Referring now to the drawings:
FIG. 1 is a schematic drawing of the data unit, the sonar array, the tether and the anchor placed in the ocean;
FIG. 1A is a large scale drawing of portion A of FIG. 1;
FIG. 2 is a schematic drawing of a data unit, tether, anchor and another embodiment of the sonar array.
FIG. 3 is a drawing of a portion of the cable with the jacket partly removed, showing the end fittings used for the strength members;
FIG. 4 is a cross sectional view of a hydrophone unit used in the array of the present invention;
FIG. 5 is a cross-sectional view taken through line 5--5 of FIG. 4;
FIG. 6 is a perspective view of part of a portion of the bracket member used in the hydrophone unit of FIGS. 4 and 5;
FIG. 7 is a perspective view of part of the bracket member of FIG. 6, seen from the opposite side;
FIG. 8 is a schematic drawing of the array shown in association with cross sectional views of the cable used in the various sections designated Figures 8A, 8B, 8C and 8D.
Referring now to FIG. 1, a data and instrumentation unit 10 is anchored to the ocean bottom by means of a tethering rope or cable 12, and an anchor 14. The tether is attached essentially at the center of an end panel 16 ofthe data unit 10. Also attached to data unit 10 and extending vertically downwardly from near an edge of the same end panel is an acoustic array 18including a cable 20 and a substantial number of hydrophone units 22 fastened to the cable. A weight 24, preferably in the form of an oblate spheroid is attached at the end of the array and tends to keep the array in a near vertical attitude.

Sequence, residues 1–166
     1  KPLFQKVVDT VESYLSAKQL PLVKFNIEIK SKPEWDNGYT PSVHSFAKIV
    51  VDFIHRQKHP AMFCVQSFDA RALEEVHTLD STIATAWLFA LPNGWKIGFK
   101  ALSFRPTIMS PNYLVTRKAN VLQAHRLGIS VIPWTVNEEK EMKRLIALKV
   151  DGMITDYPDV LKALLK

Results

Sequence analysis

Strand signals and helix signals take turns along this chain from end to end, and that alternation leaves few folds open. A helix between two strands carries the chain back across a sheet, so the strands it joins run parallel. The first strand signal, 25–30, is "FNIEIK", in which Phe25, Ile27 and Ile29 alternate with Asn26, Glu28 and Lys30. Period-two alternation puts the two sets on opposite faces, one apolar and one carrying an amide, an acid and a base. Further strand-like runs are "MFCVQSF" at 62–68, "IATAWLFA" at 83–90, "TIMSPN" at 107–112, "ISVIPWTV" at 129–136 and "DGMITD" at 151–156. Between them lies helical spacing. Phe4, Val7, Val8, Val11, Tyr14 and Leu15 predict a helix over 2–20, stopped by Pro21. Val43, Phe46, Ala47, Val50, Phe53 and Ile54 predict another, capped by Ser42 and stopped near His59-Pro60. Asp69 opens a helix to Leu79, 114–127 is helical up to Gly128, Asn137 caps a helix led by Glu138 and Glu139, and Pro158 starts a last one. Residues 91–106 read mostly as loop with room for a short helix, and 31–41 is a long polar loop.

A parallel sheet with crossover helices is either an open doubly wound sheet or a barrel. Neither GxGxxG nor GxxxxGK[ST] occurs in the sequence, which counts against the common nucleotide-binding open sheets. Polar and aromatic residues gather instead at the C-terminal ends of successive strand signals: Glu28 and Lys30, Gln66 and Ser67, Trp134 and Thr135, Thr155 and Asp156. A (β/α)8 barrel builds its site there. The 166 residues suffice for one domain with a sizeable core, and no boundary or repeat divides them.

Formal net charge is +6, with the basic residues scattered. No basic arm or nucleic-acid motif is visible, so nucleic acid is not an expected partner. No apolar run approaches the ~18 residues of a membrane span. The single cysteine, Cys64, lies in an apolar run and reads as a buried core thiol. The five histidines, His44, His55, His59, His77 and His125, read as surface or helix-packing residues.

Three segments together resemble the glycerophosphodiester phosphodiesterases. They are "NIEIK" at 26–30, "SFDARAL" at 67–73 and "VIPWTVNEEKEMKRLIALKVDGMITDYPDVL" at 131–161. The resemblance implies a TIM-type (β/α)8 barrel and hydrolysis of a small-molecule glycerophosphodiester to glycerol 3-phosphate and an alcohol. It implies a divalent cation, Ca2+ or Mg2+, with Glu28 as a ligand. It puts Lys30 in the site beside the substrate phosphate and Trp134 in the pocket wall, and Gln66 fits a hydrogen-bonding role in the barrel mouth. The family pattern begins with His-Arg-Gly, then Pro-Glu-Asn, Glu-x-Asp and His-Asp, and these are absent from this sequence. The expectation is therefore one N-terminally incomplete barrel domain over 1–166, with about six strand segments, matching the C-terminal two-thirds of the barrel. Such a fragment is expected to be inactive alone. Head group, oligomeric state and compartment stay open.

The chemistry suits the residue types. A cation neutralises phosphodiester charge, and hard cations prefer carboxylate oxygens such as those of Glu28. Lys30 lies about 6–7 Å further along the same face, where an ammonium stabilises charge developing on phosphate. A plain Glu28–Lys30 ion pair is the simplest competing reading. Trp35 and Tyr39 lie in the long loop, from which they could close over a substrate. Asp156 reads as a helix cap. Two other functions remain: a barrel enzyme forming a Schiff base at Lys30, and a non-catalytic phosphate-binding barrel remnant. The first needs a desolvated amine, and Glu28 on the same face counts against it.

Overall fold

FIG. 1A is an enlarged view of a portion of array 18 showing the general arrangement of the hydrophone units 22 along the cable 20. It will be observed that the hydrophone units 22 are smoothly molded to the cable 20 to produce as little resistance or drag as possible, consistent with theirrequired diameter.
FIG. 2 shows a second embodiment of our array attached to a data unit 26 which is tethered to the ocean bottom by means of a rope or cable 28 held in place with an anchor 30. In this embodiment, instead of being suspendedfrom the data unit as in FIG. 1, the array 32 is attached to the data unit 26 at the top and is suspended from a float 34. The float 34 is preferablydesigned to present as small a surface as possible in the direction of the cross currents in order to keep the array 32 in as nearly vertical an attitude as possible.
When attaching the hydrophone units 22 to the cable 20, a portion of the jacket is cut away to expose the conducting wires 36 and the strength member 38, which is a wire rope which may be three sixty-fourths inch (3/64") in diameter, or a comparable size depending somewhat upon the length the array used and the ballast weight employed. The strength memberis cut and a portion removed which is slightly shorter than the length of the bracket employed in the hydrophone unit 22. At each end of the strength member thus formed, a ball fitting 40 is swaged in place, attaching it very securely to the wire rope.